Current power crunch underscores Texas Legislature’s lackluster efforts to “fix the grid”

When Texas state senators and representatives return to their home districts this summer, they’ll be able to tell constituents they did something in response to this winter’s deadly energy crisis. But they better not brag. And they might face some difficult questions when constituents ask why the Electric Reliability Council Of Texas is facing another supply crisis during a very predictable warm June.

Because despite promises to make sure February’s grid failures are never repeated, the Legislature only passed modest grid-related bills this session. They missed a once-in-a-generation opportunity to pass comprehensive electricity reforms that would have fortified the grid and protected Texans from increasingly frequent weather-related energy crises. And they spent an unforgivable amount of time and effort vilifying solar, wind and electric vehicles and considering punitive legislation that had nothing to do with February’s disaster.

What got passed

Electric utilities and generators will finally be required to weatherize their equipment against extreme winter. It is doubtful any natural gas facilities that are not already weatherized will be required to weatherize, though, due to fundamental flaws in the legislation. SB 3 also improved inter-agency and public communications during a weather crisis.

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There were also some changes to how ERCOT and the Public Utility Commission of Texas are governed — who can and can’t hold leadership positions and where they can and can’t live, for example — political changes that wouldn’t have prevented the crisis or saved a single life.

What got passed over

More numerous than the changes legislators enacted are the genuine, long-term solutions they left on the table — solutions that would improve power grid resiliency, protect Texans in their homes and create a more equitable energy market while accelerating the decarbonization of our energy system.

They ignored the power of energy efficiency to reduce overall electric demand and protect people from the cold or heat during extended outages. Reducing energy consumption through more efficient use is just as impactful as adding new generation resources. For decades, energy efficiency measures have proven to be among the most affordable and cleanest ways to balance supply and demand. After all, the cleanest and cheapest kilowatt is the one you don’t have to generate, transmit and use. This winter, it would likely have saved lives in older and less affluent neighborhoods where some Texans took dangerous measures to try to stay warm.

In fact, the Legislature passed on expanding solutions that would reduce grid demand while saving consumers money. Demand response technology, energy efficiency, local distributed power generation, and various automation and energy management tools have proven their ability to manage and reduce electricity demand. These technologies saved lives this winter. If embraced more enthusiastically by Texas leaders, these measures could shave invaluable megawatts from the state’s demand. However, none of them got a fair hearing this session.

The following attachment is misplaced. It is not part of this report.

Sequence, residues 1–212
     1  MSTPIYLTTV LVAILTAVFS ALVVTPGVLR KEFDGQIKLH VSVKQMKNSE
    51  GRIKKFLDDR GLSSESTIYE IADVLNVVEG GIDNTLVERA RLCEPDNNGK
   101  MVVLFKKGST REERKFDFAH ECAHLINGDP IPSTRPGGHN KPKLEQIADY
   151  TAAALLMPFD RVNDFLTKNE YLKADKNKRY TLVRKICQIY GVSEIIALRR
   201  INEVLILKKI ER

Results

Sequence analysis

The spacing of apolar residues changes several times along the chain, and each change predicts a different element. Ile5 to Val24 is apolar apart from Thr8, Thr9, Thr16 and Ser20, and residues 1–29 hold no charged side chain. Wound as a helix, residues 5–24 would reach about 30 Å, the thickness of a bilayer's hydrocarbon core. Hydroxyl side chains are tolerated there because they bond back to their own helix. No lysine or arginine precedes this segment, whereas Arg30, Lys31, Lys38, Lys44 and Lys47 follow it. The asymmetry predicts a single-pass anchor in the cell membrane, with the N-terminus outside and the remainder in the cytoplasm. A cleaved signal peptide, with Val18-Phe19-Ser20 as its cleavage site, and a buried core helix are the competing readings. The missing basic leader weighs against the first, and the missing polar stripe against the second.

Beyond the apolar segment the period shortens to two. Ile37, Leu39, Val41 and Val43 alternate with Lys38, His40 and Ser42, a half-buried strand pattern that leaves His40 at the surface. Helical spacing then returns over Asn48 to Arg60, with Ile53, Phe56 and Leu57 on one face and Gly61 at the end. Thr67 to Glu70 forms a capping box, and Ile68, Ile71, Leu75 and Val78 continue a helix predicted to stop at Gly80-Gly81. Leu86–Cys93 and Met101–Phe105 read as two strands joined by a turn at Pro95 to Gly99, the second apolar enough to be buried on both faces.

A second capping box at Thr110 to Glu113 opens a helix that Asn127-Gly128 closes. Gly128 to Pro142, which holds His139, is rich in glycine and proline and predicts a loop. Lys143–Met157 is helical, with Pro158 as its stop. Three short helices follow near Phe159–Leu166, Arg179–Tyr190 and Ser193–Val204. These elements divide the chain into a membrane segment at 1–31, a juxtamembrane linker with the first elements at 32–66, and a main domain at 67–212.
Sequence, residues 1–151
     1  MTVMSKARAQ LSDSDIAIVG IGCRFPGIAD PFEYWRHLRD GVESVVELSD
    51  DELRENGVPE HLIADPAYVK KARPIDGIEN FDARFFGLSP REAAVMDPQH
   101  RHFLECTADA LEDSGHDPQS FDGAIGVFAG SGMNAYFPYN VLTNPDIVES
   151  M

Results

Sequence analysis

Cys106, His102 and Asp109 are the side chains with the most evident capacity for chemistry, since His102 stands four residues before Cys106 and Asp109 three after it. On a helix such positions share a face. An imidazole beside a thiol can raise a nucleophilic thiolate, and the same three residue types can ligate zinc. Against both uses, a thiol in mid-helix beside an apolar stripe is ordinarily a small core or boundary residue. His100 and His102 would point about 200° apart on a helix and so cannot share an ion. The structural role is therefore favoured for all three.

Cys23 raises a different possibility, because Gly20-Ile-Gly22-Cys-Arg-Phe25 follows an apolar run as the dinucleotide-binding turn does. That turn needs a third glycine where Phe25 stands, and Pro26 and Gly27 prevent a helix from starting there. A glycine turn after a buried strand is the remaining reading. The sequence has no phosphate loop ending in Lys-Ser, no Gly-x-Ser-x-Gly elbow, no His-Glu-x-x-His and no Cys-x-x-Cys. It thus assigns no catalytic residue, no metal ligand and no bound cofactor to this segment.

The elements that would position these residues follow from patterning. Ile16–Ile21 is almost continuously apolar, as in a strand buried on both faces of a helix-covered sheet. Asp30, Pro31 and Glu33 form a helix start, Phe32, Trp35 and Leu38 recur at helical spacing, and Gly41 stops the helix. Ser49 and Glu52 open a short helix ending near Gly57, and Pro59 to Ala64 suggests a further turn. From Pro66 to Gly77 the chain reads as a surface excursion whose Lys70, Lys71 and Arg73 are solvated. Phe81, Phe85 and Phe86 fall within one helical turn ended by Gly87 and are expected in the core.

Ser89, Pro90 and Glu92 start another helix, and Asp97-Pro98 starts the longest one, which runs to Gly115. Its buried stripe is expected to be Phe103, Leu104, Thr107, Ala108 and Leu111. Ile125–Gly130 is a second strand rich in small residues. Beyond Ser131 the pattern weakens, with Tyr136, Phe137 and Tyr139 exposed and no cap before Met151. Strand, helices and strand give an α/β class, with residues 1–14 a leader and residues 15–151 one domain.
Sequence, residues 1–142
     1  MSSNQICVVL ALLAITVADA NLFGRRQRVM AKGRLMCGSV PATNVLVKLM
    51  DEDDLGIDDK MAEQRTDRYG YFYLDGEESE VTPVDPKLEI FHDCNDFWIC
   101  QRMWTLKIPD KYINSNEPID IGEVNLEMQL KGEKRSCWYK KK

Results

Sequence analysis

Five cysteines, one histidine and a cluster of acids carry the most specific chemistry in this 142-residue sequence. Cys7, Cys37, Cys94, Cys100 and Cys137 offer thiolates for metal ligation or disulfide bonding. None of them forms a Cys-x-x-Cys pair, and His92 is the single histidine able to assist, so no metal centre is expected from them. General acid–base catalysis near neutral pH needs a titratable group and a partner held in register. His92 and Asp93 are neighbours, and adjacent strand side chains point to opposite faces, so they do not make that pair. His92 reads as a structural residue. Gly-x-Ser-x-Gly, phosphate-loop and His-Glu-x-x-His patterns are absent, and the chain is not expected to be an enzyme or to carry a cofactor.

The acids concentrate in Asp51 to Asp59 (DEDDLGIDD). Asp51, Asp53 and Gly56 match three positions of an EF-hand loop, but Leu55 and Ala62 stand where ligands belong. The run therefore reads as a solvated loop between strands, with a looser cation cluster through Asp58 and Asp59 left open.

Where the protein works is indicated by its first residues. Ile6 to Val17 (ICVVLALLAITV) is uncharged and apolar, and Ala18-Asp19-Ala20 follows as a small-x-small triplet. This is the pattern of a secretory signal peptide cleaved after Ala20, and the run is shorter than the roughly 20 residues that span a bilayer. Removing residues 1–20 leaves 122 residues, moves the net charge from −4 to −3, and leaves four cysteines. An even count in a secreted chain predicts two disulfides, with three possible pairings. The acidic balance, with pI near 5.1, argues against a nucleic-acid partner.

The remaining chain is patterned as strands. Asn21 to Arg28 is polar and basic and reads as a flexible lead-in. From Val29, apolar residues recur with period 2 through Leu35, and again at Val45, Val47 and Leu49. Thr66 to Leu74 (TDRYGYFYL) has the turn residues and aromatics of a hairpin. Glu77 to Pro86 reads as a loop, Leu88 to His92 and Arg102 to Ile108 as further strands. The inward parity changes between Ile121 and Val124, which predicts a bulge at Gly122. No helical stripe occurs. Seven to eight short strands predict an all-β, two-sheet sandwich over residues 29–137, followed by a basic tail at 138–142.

And environmental groups like EDF aren’t the only ones who think the Legislature left proven solutions on the table. A group of five former commissioners of the PUCT recently published a report urging further action on many of these same things.

The Legislature did find time to attack clean energy and electric vehicles

In the midst of the February crisis, Gov. Greg Abbott spread falsehoods on Fox News that frozen wind turbines caused the grid failure. He quickly backtracked, but his colleagues in the Legislature continued the attacks. One proposal would have forced solar and wind power producers to shoulder all of the costs of maintaining minute-to-minute reliability for the entire electric grid — costs that are normally shared by all customers. The bill was not only punitive, but it had nothing to do with the winter crisis. Another proposal would have levied an outrageously high annual fee on electric vehicle drivers.

A missed opportunity to protect Texans and fortify the grid

When the winter storm hit, EDF was cautiously optimistic that our elected officials would consider all reasonable solutions that would fortify the grid against extreme weather and protect Texans from future outages. After all, this was the third winter storm in recent years, hundreds of Texans died, and millions were left without power and water because the grid was so vulnerable.

Just last week, Gov. Abbott pronounced that he and the Legislature “fixed all the flaws” that caused February’s deadly grid failure. That’s simply not true, and even some Abbott allies know it. Just before the reforms passed, state representative Chris Paddie, one of the reforms’ chief architects, conceded “There are more things to do going forward…..And we’re going to dive into those in the interim.”

EDF and many other groups will surely rally to ensure Chairman Paddie keeps his word. In the meantime, the issue now moves to ERCOT and the PUCT — both of which can and should deploy sensible and fair changes to increase resiliency, save customers money, and decarbonize the grid.

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